A team of researchers from Newcastle University has 3D-printed human corneas for the first time, in what has been described as a potentially game-changing shift for the medical industry.
In a human eye, the cornea is the layer that fits directly over the iris. When damaged or scratched, it can cause serious loss of vision or even cause complete blindless if trachoma, an infectious eye disease, is contracted. Currently, there is a worldwide shortage of replacement corneas, as 10 million people require operations to prevent corneal blindness.
3D-printed corneas, then, have the potential to solve a real issue. The Newcastle University team achieved this first step, which they are calling a "proof of concept," by taking human stem cells from healthy donor corneas and mixing them with alginate and collagen, creating a mix that can be 'bio-printed.'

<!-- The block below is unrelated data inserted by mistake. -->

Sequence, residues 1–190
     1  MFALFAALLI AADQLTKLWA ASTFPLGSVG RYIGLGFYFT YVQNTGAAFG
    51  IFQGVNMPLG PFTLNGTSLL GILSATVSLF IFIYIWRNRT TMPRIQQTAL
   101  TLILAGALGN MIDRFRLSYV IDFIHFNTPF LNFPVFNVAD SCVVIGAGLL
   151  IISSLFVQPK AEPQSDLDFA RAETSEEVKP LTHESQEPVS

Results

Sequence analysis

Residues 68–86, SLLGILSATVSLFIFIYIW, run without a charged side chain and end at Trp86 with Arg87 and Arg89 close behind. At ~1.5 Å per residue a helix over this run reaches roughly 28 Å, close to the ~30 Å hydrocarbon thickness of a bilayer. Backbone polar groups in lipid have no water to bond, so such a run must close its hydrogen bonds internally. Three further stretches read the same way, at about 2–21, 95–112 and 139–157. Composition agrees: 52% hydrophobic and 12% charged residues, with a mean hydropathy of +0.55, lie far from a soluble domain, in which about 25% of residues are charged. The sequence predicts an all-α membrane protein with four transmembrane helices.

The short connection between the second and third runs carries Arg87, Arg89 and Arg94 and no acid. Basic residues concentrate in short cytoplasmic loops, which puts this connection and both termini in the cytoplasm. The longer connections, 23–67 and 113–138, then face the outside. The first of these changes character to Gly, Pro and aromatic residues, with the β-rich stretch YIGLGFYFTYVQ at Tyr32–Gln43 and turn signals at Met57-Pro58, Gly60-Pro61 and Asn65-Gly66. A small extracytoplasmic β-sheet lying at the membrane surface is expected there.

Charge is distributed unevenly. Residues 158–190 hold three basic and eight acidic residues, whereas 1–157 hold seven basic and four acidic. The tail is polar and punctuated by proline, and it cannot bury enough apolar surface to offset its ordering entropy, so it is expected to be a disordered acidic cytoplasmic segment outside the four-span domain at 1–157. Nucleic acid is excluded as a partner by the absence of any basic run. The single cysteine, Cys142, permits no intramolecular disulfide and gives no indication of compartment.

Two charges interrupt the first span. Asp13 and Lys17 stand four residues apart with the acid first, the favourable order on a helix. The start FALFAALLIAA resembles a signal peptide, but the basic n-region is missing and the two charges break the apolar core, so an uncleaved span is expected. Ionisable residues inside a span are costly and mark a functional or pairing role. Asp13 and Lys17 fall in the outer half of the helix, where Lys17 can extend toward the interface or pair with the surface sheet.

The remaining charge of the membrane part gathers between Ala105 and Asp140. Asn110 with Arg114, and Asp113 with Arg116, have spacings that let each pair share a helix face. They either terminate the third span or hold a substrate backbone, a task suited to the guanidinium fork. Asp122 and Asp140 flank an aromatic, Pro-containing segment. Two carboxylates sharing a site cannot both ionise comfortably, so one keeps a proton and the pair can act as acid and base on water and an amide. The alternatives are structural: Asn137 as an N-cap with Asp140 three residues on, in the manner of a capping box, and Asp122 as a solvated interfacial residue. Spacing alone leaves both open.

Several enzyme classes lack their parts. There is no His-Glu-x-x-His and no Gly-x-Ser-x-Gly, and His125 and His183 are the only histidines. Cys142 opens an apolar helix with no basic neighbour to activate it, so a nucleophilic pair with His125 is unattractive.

This solution can then be printed in a 'low-cost' 3D bio-printer. The corneas are printed in a radial fashion, in concentric circles, simulating 'real' corneas. Currently, one cornea takes around 10 minutes to print.
Che Connon, Professor of Tissue Engineering at Newcastle University, who led the work, said: "Many teams across the world have been chasing the ideal bio-ink to make this process feasible. Our unique gel -- a combination of alginate and collagen -- keeps the stem cells alive whilst producing a material which is stiff enough to hold its shape but soft enough to be squeezed out the nozzle of a 3D printer."
Dr Steve Swioklo, co-author with Professor Che Connon (right). (Image: Newcastle University)
Professor Connon added: "This builds upon our previous work in which we kept cells alive for weeks at room temperature within a similar hydrogel. Now we have a ready to use bio-ink containing stem cells allowing users to start printing tissues without having to worry about growing the cells separately."